Everyday Aesthetics and 5S (part one)

Taking inspiration from Saito’s book (Yuriko Saito, “Everyday Aesthetics”, 2007), I would like to emphasize that there are two aesthetic categories: the Western traditional and philosophical concept of the beauty given us by art and the sublime, such as Rembrandt, Bach or Michelangelo, while in the East such a grand-scale aesthetics has been less conspicuous and everyday aesthetics is more “fit” for ordinary life.

We are always engaged in preserving the environment, starting from our own bodies, making tidy our room or desk, our little garden, our city or country. In Toyota, a method called “5S” (Seiri Seiton Seiso Seiketsu Shitsuke) has been conceived to give a methodology to factories and operational areas to keep tidy one’s work environment.  A periodical check can keep track of the progress (or regress) and we can be satisfied or not of the situation.

What is remarkable here is that the ideogram 躾 (Shitsuke-Self-discipline) is made of two modules, with a left part indicating the body, and the right part meaning “beauty”.  In the Chinese character (kanji) for “discipline” it is already written that a self-disciplined person has a “nice body”.  Think of a well-trained athlete or a swimmer: his or her body is nice to see, since the harmony of the muscles and the movements during the competition make us perceive a moment of beauty expressed by the body and its movements. In this case we could talk of an embedded and built body, which is different from simple body building, because a well trained body is functional to something, not only for the joy of self-admiration.

Of the five “S”, the most difficult is the last one, and while the other four “S” are instrumental to clean and tidying up a place o situation, the shitsuke is directed towards our inner self, not the work place.  It is subjective, not objective, and here the tacit knowledge of the worker and his will come on the surface.  A self-disciplined artisan, or a skilled worker is self-disciplined and needs few external control and direction.

Mary Douglas, in her book “Purity and Danger” (Routledge, 2002)  says that “dirty” and “messy” are context dependent and culturally constructed (Saito, p.154).  The concept of “dirt” is constructed upon some kind of ordered system: dirt is something “out of place”.  “In our modern society, dirt avoidance is a matter of hygiene or AESTHETICS” (emphasis added).  In other terms, we construct everyday aesthetics qualities out of our culture and hygienic concepts.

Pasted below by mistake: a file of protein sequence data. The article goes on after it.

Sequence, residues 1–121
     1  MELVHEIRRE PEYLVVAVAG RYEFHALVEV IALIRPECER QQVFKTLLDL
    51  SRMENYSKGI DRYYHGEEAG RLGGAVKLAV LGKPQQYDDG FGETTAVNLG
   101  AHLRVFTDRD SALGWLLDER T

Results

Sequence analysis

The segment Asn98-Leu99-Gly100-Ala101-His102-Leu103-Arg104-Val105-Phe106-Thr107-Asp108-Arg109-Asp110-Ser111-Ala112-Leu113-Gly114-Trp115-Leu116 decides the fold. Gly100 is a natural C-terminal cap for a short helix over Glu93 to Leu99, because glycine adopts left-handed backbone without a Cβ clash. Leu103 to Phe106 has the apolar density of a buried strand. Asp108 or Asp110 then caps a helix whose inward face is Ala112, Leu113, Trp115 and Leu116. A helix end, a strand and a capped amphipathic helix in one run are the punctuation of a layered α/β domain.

Later on, Mary Douglas built a Cultural Theory of Risk, which asserts that structures of social organizations endow individuals with perceptions that reinforce those structures in competition against alternative ones.

“Two features of Douglas’s work inform the basic structure of Cultural Theory. The first of these is a general account of the social function of individual perceptions of societal dangers. Individuals, Douglas maintained, tend to associate societal harms—from sickness to famine to natural catastrophes—with conduct that transgresses societal norms.
This tendency, she argued, plays an indispensable role in promoting certain social structures, both by imbuing a society’s members with aversions to subversive behavior and by focusing resentment and blame on those who defy such institutions.

The second important feature of Douglas’s work is a particular account of the forms that competing structures of social organization assume. Douglas maintained that cultural ways of life and affiliated outlooks can be characterized (within and across all societies at all times) along two dimensions, which she called “group” and “grid.”
A “high group” way of life exhibits a high degree of collective control, whereas a “low group” one exhibits a much lower one and a resulting emphasis on individual self-sufficiency.
A “high grid” way of life is characterized by conspicuous and durable forms of stratification in roles and authority, whereas a “low grid” one reflects a more egalitarian ordering.”

Regarding the first feature, the mayor of Tokyo, immediately after the March 11th Tohoku earthquake in Japan said that it was a “Heaven punishment”, and he had to withdraw the assertion the day after. In Japanese culture, as well as in many others, there is the saying 行いがいい(okonaiga ii)or 行いが悪い(okonaiga warui, which means “the Behavior was good (or Bad), therefore this happened (to you or me).

The second feature of Douglas’s work tells us about control, collective or individual, and of ordering within that particular society.

I think that in modern society various forms of control and ordering coexist, and that the competition of one group or another is to be studied in well-chosen boundaries.  The profit-oriented organization is one of these, as well as the public administration of a country.

There is always present a reflection of personal character and moral values in the order or cleaning we make, and all cultures have found a balance between total control over natural processes and a wholesale submission to them (Saito, p173).

Aesthetics is therefore another door to enter a culture and find out what people that share that particular culture think (and value and communicate) about the degree of order is appropriate in the particular context.

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One Response to Everyday Aesthetics and 5S (part one)

  1. Diego Pellecchia 2 agosto 2011 at 01:32

    I’m glad you took inspiration from this book. Saito is crystal clear in her discussion of the moral value of everyday aesthetics.

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